Making Textbooks Affordable

August 27, 2014

As the droves of new and returning students head back to school, we are all in for some big expenses over the next few weeks. And these expenses may not always be what you expect.

This dawned on me the other day as I saw numerous cars on the highway packed with essentials to outfit a dorm room. For these parents and students, not only is the cost of tuition a major concern, but so is the cost of everyday needs in school. And one of the most shocking costs I saw firsthand this year would have to be textbooks.

Every year, students will line up at the bookstore to purchase their books and will find astronomical prices for certain books. Case in point, my daughter’s text book for math was $282! There were no used books available as it happened to be a “new addition” so we were stuck paying full price – with no other choice in sight.

While prices are high, the state and the federal government have taken steps in recent years to help make textbooks more affordable. Specifically, we’ve targeted key selling techniques that jacked up student expenses in the past.

These techniques include things like “bundling.” Often, textbooks are sold packaged with a CD, a digital version, a passcode, or even a supplemental workbook. These extras, while not always used by students, are added in to the cost of the book they are attached to. According to research conducted by the Student PIRGs about half of all textbooks are bundled, and bundled textbooks are 10-50 percent more expensive than the textbook alone. Additionally two out of three professors reported they “rarely” or “never” use the supplemental items in bundled textbooks.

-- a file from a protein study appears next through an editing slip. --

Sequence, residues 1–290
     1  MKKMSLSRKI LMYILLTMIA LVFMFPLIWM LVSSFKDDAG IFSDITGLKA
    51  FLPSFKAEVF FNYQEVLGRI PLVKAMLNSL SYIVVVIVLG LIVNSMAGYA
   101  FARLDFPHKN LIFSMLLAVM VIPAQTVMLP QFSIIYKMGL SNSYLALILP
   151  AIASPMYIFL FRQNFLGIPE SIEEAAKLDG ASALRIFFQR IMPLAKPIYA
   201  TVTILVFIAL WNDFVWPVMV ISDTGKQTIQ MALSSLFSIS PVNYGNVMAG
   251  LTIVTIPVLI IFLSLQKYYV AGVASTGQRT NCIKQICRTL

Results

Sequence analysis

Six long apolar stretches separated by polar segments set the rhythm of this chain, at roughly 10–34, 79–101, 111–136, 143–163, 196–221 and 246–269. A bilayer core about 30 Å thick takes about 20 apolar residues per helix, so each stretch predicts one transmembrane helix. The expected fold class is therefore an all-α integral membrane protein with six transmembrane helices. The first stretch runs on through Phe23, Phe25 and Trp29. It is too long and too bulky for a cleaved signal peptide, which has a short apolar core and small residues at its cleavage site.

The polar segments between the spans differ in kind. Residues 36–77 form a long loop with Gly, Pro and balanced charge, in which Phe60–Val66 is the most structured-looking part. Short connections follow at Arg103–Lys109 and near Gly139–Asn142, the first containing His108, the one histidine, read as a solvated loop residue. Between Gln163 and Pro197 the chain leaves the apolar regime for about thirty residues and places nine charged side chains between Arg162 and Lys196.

In Connecticut, we proposed multiple bills in the legislature to ban such sales. Today, thanks to the federal Higher Education Opportunities Act (HEOA), this bundling of products is no longer allowed anywhere in the country. The textbook provisions in this law ban all bundling and require publishers to offer all items in bundle for sale separately.

The HEOA also requires more disclosure by publishers and schools to help students and professors budget smarter. Publishers now have to disclose prices when marketing textbooks to professors, so that professors can choose more affordable options if they see fit. The HEOA textbook provisions also require that colleges provide students with a list of assigned textbooks for each course during class registration. This requirement helps students plan ahead for expenses and shop around for used books or other deals on the required reading material.

The HEOA has made some great changes to the law with measurable results, in the 2005-2006 academic school year, full-time college students spent on average $644 on textbooks. But in the 2010-2011 academic year, when the HEOA was implemented, that number dropped to an average of $534, according to market research firm Student Monitor. This still is not an affordable average by any means, but it is a move in the right direction.

Here in Connecticut, the state legislature has also taken even further steps to help students get the textbooks they need. In 2006, we passed a law that requires state schools to create a system for students to purchase textbooks using financial aid that has not yet been applied to tuition to help pay for books. This, paired with protections under federal law, is welcome help and relief for students.

Clearly, we have a long way to go to make college more accessible on all levels. Textbook prices are a start, and I hope to continue working on new ways to further reduce the student burden. Tuition is only a fraction of the college education price tag, and more must be done to put that price tag in reach.